Yet this is Viet Nam, folks. When it is hot, you can not imagine it. My t-shirt gets soaked in ten minutes outside. The air is so thick that we rarely see Ho Chi Minh City from our 9th floor apartment, only ~30 miles away.
If you've been reading the blog you saw the pictures and commentary from the Mekong Delta, and you've seen the videos of the downpours. And the rain is letting up now. Wait till rainy season.
What could they have been thinking?
Truman, Eisenhower, and Kennedy, while all military men, acted with political interests (domino theory, Russians, etc.) while President. That's the job of the President. They have military commanders who give military guidance. Famously, Truman fired MacArthur when he wanted to escalate the Korean conflict. Later on, however, someone forgot to act as President when he should have.
Let's backtrack for a brief history lesson. (note that anything I say could be wrong. I am an HRM Prof, not a historian. What I write below is pieced together from anecdotes and my own reading. I like to think it's accurate, but....)
Many others, most notably the Chinese and the French, have ruled Viet Nam for long periods in the recent past. The French arrived in the middle of the nineteenth century and did not want to leave. Who would; if you but visited Saigon once, you would not want to leave either. The French legacy: traffic circles, baguettes, and drink.
Prior to Sept. 2, 1945, the US gave tacit support to Ho Chi Minh in the battle for freedom. However, when Ho declared independence, the French wanted to stay. The US: support our long time ally. Ho went Communist; he became the enemy.
The French lost the next war (1945-1954--google Dien Bien Phu for details) but we called it a tie! Rather than allowing a free Viet Nam, we divided the country, promising free elections. We then installed the ruthless Ngo Dinh Diem, who canceled the elections. We assassinated Diem. OOPS! War was on.
By this time LBJ was President. He knew from the first that this war would destroy him. He had to move on the Great Society and Civil Rights as fast as possible. Fortunately he was successful on those fronts. His days, however, were numbered.
Sidebar: Revolutions are started by those who feel oppressed. The leaders use the working poor, the underclass, to fan the fire, to fight the oppressors. 1775 George Washington is no different from 1959 Fidel Castro (yes, there were significant differences later; I'm only talking about the actual revolt).
What was happening on the battlefield?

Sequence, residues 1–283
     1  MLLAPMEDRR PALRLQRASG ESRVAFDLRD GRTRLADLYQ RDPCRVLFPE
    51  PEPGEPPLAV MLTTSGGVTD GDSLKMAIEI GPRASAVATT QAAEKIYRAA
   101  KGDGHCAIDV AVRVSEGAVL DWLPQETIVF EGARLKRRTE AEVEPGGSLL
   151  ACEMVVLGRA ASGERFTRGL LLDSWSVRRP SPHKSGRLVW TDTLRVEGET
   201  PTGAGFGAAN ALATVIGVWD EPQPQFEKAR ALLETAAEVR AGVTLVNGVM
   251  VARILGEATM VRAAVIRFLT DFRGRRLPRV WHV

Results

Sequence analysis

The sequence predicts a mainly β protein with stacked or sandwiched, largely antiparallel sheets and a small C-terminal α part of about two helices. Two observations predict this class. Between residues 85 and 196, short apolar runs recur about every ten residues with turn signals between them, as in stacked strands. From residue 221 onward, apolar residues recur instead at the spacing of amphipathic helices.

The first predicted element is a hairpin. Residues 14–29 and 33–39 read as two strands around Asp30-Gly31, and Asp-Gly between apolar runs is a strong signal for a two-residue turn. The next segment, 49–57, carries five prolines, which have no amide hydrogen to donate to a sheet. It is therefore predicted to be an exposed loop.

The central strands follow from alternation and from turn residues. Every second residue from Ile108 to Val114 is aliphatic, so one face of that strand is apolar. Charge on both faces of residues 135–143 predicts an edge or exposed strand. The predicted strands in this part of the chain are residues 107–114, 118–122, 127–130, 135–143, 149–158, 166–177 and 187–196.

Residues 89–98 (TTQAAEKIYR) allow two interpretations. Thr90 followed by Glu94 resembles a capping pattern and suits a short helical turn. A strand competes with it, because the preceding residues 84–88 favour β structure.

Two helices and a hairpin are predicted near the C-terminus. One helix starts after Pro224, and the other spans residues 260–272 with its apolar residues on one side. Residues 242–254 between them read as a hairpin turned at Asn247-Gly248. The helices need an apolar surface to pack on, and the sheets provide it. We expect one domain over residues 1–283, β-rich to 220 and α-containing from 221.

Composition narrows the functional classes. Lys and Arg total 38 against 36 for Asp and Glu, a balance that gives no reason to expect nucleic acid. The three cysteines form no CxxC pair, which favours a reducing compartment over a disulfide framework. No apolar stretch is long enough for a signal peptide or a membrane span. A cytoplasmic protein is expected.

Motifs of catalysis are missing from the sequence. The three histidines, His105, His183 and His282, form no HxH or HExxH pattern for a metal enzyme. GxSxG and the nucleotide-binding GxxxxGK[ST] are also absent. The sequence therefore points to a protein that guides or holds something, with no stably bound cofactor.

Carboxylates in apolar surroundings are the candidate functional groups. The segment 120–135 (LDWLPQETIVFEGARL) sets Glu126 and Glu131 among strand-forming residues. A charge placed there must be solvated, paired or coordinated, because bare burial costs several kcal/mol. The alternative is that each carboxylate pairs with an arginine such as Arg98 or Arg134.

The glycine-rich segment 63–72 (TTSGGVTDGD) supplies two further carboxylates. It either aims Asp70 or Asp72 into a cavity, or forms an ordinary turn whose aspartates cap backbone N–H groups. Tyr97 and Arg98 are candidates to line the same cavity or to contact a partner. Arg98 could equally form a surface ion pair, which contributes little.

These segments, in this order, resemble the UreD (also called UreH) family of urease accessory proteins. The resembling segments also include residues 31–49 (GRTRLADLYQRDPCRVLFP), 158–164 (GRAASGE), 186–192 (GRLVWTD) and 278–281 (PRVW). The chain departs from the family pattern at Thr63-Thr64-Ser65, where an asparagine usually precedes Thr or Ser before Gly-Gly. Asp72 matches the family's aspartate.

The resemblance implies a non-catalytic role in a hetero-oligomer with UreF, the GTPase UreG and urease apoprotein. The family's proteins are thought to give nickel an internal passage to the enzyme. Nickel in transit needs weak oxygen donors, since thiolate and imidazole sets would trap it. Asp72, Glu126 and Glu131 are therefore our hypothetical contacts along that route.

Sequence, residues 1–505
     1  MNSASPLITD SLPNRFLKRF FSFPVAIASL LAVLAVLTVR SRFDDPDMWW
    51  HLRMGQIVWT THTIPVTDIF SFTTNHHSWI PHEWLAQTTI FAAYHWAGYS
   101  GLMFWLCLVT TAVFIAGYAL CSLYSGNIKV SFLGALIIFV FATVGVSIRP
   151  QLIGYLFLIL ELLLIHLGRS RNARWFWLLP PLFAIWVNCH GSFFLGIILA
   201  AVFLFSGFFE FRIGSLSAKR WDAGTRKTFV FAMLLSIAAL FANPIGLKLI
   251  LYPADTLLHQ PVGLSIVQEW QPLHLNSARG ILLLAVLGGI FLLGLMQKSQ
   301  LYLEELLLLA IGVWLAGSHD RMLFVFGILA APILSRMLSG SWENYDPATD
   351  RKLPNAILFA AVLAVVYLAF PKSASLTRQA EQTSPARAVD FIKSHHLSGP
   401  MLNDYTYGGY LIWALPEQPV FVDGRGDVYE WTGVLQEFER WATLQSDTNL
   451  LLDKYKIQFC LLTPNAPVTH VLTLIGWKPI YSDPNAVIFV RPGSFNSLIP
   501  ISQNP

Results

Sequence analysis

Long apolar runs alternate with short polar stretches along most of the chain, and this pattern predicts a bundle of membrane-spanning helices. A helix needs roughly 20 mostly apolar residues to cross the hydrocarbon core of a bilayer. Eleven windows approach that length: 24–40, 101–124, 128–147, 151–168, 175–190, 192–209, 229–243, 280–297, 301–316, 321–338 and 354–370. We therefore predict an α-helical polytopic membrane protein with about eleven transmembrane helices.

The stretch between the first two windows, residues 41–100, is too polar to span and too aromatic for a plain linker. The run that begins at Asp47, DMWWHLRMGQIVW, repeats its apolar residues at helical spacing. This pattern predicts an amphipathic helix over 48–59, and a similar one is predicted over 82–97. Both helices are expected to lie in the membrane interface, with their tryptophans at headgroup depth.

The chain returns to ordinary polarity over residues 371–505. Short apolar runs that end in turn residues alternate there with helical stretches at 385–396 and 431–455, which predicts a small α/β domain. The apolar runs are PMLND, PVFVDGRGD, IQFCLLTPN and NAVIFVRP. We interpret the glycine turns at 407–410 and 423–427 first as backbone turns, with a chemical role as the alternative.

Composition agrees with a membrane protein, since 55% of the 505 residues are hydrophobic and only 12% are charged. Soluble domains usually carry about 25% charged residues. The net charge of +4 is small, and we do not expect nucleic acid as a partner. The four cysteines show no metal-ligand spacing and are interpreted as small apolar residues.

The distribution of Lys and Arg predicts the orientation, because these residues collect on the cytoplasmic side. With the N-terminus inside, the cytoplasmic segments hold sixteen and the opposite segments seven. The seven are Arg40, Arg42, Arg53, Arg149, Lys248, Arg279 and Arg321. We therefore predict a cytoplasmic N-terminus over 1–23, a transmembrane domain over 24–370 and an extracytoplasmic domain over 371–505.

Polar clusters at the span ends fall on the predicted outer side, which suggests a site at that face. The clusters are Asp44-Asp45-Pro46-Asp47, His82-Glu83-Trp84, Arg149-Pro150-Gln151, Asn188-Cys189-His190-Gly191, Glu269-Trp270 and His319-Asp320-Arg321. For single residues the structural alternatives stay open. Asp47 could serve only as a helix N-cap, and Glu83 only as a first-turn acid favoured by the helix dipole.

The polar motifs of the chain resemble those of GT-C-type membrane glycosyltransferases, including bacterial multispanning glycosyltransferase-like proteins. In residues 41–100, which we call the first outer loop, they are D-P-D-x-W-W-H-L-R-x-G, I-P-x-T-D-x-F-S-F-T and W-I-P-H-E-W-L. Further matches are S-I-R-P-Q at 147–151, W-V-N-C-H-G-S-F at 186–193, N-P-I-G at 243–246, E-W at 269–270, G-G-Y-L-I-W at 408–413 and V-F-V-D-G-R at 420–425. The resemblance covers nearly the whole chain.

Jeanna and I received our best analysis from our tour guide in the
Mekong Delta, a young woman with no axe to grind.
She made it clear: in the 1950s and 1960s the wealthy wanted the status quo. In different wars they were with King George and Batista. Here they wanted the French, and later became one with Diem.
The poor were with Ho.
After the war American soldiers complained: "we were fighting for their freedom. All we wanted was for them to let us know that an ambush had been set down the road. They knew, and just let us walk into it."
Yet it was only in our eyes that we were fighting for their freedom. The villagers who allowed our soldiers to be ambushed were with Ho! Communist Ho Chi Minh, Ho Chi Minh who never trusted the Russians or the Chinese, Ho Chi Minh meant freedom from oppression.
The villagers couldn't care less about communism.
Our generals: what could they have been thinking? First and foremost, Americans from New York, Portland, Tuscaloosa, and Des Moines, no matter how well prepared and equipped, were ill-suited to fight in the jungles and humidity of this country.
What could they have been thinking? Our idea of freedom was so far removed from that of the villagers who had their own meaning of freedom.
And finally: yesterday I posted pictures of my class on facebook. A friend said, "they look so young. Were we ever that young?"
Their grandfathers, at their age, were fighting for their freedom. They were fighting us, they were fighting each other. 18 year old baby faced boys, five foot four inches, even smaller than I am, carried rifles and were killed. Because our generals thought we should be here and could win a war to save the world for democracy.
This war ended Sept. 2, 1945. Ho knew that we would not have the resolve to continue, that he was right. The war was over Sept. 2. But it took 30 more years for it to be complete.